Foreword by Clayborne Carson
Six months after the Selma to Montgomery marches and just weeks after the passage of the Voting Rights Act of 1965, a group from Martin Luther King Jr.’s staff arrived in Chicago, eager to apply his nonviolent approach to social change in a Northern city. Read more.
Asia First: China and the Making of Modern American Conservatism (June 2015)
After Japanese bombs hit Pearl Harbor, the American right stood at a crossroads. Generally isolationist, conservatives needed to forge their own foreign policy agenda if they wanted to remain politically viable. Read more.
Solomon’s Secret Arts (May 2013)
The late seventeenth and eighteenth centuries are known as the Age of Enlightenment, a time of science and reason. But in this illuminating book, Paul Monod reveals the surprising extent to which Newton, Boyle, Locke, and other giants of rational thought and empiricism also embraced the spiritual, the magical, and the occult. Read more.
Coptic Christianity in Ottoman Egypt (February 2011)
First English-language book to date that focuses exclusively on Copts in early modern Egypt (sixteenth to eighteenth centuries). A unique study of Coptic rituals and religious expression after the Islamic conquests of Egypt and before the nineteenth century. Examines new manuscripts sourced from Coptic archives. Read more.
The Nature of Gold: An Environmental History of the Klondike Gold Rush (February 2010)
In 1896, a small group of prospectors discovered a stunningly rich pocket of gold at the confluence of the Klondike and Yukon rivers, and in the following two years thousands of individuals traveled to the area, hoping to find wealth in a rugged and challenging setting. Read more.
Amy Feely Morsman
The Big House after Slavery: Virginia Plantation Families and Their Postbellum Domestic Experiment (October 2010)
The Big House after Slavery examines the economic, social, and political challenges that Virginia planter families faced following Confederate defeat and emancipation. Amy Feely Morsman addresses how men and women of the planter class responded to postwar problems and how their adaptations to life without slavery altered their marital relationships and their conceptions of gender roles.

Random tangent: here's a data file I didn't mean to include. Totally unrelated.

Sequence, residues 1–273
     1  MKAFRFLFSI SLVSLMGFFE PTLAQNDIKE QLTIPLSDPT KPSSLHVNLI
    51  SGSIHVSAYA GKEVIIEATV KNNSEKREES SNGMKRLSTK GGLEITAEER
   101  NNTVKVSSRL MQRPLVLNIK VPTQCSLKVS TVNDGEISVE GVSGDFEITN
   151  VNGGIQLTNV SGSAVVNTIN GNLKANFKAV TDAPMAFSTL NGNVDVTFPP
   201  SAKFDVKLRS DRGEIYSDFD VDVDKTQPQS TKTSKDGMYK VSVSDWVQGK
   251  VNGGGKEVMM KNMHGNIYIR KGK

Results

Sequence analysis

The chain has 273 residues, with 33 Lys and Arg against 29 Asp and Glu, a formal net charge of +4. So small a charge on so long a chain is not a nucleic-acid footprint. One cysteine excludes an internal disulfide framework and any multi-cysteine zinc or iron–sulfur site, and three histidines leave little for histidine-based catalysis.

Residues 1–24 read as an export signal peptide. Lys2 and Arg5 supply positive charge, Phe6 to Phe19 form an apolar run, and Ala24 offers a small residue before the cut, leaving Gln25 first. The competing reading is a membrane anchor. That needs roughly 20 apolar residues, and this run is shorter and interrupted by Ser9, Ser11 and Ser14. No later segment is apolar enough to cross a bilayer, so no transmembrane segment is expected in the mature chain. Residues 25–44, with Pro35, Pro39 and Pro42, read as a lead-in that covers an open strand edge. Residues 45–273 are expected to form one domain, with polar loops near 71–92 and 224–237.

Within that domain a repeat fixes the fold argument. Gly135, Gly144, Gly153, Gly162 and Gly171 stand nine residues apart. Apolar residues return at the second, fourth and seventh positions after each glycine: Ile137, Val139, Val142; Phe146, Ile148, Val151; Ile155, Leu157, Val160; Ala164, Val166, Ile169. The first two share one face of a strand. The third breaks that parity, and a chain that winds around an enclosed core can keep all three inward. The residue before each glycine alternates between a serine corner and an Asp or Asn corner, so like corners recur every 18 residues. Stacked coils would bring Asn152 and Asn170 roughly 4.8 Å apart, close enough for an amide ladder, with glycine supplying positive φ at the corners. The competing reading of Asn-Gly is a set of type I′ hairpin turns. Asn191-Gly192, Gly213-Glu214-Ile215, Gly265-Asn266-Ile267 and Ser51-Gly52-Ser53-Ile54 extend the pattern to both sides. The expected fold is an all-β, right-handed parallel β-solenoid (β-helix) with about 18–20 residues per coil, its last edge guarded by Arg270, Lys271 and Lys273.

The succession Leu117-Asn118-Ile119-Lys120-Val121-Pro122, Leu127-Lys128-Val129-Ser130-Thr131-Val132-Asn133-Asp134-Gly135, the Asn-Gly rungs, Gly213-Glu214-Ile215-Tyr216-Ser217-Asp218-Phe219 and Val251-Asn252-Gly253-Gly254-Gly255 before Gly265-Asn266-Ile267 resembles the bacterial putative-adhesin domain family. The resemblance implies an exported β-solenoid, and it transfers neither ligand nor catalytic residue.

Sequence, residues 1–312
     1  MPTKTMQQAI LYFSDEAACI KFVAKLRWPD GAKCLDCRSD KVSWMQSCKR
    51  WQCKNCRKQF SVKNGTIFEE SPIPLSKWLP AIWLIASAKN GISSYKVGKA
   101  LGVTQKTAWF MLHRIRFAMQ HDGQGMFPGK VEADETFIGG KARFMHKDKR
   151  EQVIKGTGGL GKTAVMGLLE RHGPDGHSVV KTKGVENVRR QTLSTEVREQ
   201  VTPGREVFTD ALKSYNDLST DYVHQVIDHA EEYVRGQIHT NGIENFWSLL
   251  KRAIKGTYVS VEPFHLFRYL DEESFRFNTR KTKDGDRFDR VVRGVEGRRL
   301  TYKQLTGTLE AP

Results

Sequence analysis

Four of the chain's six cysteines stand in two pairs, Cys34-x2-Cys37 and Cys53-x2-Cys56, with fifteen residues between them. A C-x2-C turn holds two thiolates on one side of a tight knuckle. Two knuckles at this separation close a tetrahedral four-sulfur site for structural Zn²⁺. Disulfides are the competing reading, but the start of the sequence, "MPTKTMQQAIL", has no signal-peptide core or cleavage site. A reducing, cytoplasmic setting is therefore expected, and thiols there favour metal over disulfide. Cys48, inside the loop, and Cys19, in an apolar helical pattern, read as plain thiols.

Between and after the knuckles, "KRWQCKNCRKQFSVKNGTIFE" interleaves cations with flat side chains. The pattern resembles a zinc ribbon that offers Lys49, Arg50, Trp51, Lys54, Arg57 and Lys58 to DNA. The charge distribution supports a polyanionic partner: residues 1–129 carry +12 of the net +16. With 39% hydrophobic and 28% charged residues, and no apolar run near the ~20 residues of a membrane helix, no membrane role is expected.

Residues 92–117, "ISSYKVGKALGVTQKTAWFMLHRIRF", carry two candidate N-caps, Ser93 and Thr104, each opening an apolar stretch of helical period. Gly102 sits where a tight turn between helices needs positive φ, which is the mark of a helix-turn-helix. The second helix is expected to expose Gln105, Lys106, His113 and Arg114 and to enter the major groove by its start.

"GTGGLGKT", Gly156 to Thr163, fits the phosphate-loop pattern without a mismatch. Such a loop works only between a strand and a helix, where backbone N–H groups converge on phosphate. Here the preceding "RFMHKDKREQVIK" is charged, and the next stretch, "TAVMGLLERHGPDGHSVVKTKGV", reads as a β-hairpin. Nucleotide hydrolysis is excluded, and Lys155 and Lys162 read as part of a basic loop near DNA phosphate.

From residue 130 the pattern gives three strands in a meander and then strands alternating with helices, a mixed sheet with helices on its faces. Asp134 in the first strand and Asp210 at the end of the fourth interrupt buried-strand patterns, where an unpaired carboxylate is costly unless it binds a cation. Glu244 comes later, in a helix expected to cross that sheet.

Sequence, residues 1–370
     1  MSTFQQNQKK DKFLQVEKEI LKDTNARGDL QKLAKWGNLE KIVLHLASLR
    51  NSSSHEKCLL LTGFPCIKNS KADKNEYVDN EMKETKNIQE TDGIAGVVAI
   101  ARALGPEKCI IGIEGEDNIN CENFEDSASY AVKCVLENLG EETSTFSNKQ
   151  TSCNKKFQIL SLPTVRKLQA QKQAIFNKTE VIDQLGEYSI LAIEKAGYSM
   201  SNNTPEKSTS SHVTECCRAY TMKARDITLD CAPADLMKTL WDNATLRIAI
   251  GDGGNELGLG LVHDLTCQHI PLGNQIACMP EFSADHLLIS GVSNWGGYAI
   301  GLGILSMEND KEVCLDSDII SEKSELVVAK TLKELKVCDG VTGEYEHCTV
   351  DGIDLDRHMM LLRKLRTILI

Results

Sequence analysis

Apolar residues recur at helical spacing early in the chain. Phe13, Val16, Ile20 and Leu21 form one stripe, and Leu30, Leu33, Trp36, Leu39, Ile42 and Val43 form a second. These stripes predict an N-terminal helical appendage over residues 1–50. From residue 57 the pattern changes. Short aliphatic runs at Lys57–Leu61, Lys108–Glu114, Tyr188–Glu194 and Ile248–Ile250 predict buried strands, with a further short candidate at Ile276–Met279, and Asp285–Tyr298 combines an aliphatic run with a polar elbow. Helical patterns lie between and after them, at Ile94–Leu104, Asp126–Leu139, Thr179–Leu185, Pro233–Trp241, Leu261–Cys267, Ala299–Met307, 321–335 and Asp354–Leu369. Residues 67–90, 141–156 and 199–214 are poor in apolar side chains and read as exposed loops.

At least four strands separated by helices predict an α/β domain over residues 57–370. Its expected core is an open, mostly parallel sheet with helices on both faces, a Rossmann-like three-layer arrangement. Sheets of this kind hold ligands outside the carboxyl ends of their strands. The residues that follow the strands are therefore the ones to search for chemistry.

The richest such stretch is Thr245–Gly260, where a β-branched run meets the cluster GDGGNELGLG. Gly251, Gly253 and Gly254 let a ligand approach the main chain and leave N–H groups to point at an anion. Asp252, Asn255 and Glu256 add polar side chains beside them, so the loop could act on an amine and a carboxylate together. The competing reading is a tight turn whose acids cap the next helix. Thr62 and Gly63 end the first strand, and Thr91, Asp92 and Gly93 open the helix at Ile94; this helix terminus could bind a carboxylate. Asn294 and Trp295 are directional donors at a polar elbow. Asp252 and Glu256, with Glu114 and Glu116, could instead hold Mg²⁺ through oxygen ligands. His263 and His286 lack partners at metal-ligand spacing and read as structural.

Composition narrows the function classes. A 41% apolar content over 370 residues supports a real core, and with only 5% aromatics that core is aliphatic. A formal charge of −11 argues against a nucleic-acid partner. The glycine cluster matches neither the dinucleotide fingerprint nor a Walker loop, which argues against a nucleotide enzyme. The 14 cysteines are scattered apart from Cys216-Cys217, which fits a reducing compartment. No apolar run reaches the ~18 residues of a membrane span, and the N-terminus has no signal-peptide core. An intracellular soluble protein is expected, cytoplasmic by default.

Darien J. Davis
White Face, Black Mask: Africaneity and the Early Social History of Popular Music in Brazil (March 2009)
Although African influences undeniably pervade the popular music of Brazil, until now few books have examined the role of Blackness—what author Darién Davis calls “Africaneity”—in the creation and development of twentieth-century Brazilian musical traditions. Read more.
Don J. Wyatt
The Blacks of Premodern China (2009)
Premodern Chinese described a great variety of the peoples they encountered as “black.” The earliest and most frequent of these encounters were with their Southeast Asian neighbors, specifically the Malayans. Read more.
Louisa A. Burnham
So Great a Light, So Great a Smoke: The Beguin Heretics of Languedoc (December 2007)
In So Great a Light, So Great a Smoke, Louisa A. Burnham takes us inside the world of a little-known heretical group in the south of France in the early fourteenth century. Read more.
Jacob A. Tropp
Natures of Colonial Change: Environmental Relations in the Making of the Transkei (October 2006)
In this groundbreaking study, Jacob A. Tropp explores the interconnections between negotiations over the environment and an emerging colonial relationship in a particular South African context—the Transkei—subsequently the largest of the notorious “homelands” under apartheid. Read more.